Tapping into Big Data Analytics in Health Care with Bob Rogers

BobRogersJoin Health 2.0 EDU and Bob Rogers PhD, Chief Data Scientist at Apixio, on Thursday September 19th for a masters class on big data and health care. We caught up with Bob to discuss his experiences in health care and his upcoming excitement for his one time only Learn it Live session on September 19th at 2:00pm PT.

EDU: You first received your PhD in astrophysics, then you managed a hedge fund. What inspired you to shift your interests to health care?

BR: As a physicist, I was inspired by the idea that my ideas and research could lead to useful discoveries, but I found that the relative impact of astrophysics was small. The personal opportunities to apply my knowledge in finance were irresistible, but over time I began to miss having a sense of intrinsic value to my work, so I turned my attention to health care. I’m in exactly the right place now and the possibilities for having an impact are boundless.

EDU: What are you focused on right now at Apixio?

BR: My number one goal right now is to help health care organizations access all of their data, including structured data, textual documents, and images to help them compute risk adjustment scores and manage risk.  The business and financial challenges to health care organizations to simultaneously increase efficiency and improve care are impossible to overcome without reliable data. Studies show that over two-thirds of key clinical information is missing from the coded layer of EHRs, so we are developing technology that surfaces the information hidden in clinical narrative and scanned documents. Given the number and diversity of the documents generated by health care systems, this is truly a big data problem.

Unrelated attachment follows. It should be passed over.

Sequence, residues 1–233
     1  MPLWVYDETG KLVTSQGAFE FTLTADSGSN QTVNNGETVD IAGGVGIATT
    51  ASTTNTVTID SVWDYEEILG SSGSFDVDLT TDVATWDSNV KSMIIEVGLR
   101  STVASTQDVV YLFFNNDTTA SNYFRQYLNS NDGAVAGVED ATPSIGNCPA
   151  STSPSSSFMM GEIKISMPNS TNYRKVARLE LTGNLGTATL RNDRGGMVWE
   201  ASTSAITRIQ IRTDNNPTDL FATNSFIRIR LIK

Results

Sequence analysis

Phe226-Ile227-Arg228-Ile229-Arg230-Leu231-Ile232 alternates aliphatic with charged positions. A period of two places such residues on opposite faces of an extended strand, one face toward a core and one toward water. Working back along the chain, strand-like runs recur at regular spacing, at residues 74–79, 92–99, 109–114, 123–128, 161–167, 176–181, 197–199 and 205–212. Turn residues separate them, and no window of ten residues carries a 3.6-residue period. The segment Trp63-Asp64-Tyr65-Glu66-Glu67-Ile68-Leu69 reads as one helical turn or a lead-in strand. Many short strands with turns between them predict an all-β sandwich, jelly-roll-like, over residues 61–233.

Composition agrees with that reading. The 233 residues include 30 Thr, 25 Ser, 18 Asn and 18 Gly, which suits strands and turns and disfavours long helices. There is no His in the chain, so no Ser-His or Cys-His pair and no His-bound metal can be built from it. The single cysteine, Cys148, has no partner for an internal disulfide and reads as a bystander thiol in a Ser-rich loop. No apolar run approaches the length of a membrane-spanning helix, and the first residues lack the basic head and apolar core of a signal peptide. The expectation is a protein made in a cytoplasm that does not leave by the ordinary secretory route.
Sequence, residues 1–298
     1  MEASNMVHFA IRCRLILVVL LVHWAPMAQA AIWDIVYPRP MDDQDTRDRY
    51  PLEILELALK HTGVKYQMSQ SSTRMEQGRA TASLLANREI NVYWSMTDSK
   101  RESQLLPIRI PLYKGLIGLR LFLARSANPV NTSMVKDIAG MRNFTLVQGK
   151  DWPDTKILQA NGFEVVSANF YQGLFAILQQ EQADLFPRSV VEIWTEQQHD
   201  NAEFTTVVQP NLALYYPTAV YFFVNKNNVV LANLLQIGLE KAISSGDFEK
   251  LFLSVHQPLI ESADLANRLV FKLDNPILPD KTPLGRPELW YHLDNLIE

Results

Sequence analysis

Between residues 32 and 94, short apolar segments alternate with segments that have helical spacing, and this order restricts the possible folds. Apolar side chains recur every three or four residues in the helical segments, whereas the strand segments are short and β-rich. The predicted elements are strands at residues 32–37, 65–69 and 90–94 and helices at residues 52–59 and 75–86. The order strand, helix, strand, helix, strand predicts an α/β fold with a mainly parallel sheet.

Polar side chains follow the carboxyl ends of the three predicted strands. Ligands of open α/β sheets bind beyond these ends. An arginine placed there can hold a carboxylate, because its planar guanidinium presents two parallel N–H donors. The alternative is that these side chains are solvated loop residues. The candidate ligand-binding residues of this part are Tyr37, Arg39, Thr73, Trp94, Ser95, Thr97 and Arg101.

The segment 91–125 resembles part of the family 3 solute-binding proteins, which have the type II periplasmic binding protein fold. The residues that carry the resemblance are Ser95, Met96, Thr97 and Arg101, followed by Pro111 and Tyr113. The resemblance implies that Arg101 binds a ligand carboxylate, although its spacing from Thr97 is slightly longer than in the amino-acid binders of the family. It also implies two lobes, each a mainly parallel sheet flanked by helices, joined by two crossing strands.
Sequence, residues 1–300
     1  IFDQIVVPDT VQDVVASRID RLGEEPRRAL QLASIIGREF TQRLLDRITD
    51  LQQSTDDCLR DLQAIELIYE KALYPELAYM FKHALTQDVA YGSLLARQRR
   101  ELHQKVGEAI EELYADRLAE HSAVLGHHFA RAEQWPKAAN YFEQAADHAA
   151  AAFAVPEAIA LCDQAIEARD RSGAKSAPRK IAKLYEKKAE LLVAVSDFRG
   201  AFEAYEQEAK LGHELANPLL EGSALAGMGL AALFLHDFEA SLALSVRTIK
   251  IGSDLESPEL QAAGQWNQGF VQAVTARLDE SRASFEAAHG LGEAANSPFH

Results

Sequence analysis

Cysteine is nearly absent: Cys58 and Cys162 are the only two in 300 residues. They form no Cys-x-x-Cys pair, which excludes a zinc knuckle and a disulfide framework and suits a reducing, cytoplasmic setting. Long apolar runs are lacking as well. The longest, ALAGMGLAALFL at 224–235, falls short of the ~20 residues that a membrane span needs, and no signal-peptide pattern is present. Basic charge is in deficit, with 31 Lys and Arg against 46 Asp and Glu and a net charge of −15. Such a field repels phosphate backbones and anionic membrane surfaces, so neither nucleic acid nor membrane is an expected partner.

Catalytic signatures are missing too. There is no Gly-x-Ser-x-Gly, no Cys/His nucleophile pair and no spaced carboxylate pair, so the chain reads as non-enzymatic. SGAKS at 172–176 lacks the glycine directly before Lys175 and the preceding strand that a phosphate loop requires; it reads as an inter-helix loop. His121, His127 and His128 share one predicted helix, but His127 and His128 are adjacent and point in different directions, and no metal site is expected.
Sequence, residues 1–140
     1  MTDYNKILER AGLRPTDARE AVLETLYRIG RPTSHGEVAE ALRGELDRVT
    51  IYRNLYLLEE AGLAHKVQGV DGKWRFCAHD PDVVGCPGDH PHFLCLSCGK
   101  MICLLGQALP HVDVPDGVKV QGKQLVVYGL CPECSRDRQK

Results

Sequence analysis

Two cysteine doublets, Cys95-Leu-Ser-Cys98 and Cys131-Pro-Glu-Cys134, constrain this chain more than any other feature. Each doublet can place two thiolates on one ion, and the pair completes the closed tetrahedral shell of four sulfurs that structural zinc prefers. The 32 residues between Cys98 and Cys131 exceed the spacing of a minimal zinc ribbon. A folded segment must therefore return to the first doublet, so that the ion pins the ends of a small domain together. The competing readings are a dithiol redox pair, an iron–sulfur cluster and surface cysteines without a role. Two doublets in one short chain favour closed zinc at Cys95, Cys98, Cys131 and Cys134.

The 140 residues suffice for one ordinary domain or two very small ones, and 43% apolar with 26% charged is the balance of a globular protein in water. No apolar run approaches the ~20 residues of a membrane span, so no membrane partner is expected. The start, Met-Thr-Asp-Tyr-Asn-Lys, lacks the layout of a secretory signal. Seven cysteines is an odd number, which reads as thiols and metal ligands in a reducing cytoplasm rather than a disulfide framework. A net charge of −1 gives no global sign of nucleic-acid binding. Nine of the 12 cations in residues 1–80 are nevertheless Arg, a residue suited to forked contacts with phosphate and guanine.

3. Your work in application and algorithm development seems like a hard concept to grasp: How do you explain something so new but fundamental to people in health care without a tech background? Why do you think it’s important for executives in organizations like hospitals and pharma companies to understand big data?

BR: The goal of information technology is to answer questions and to solve problems: The underlying technology is secondary.  I like to focus on specific examples, use cases and analogies, that everyone in the industry can understand and appreciate. Decision makers in health care and pharma need reliable information to run their businesses, but many have been burned by clunky, expensive technology that has not met expectations.  Health care data IS big and requires big data techniques to make it useful, so a good understanding of the opportunities and risks of big data is crucial to navigate successfully.

EDU: What new application of big data in health care are you most excited about?

BR: There are two areas that are exciting to me.  In the therapeutic arena, it has become possible to make meaningful discoveries about the safety and applicability of drugs by mining clinical narrative. For example, Stanford professor Nigam Shah is doing some very impactful work in this area. On the clinical care side, it is now possible to use big data techniques to efficiently and accurately compute risk scores for all patients in a health system.  This helps organizations succeed under the Affordable Care Act and creates opportunities to empower care coordination, chronic disease management and cost management for populations.

EDU: What are you most looking forward to in your upcoming LearnItLive course with Health 2.0 EDU, and what do you hope your students will take away?

BR: I’m looking forward to learning about the challenges and use cases that are impacting my students. I hope they will come away with the confidence and knowledge to embrace the aspects of big data analytics that can help them run their organizations successfully.


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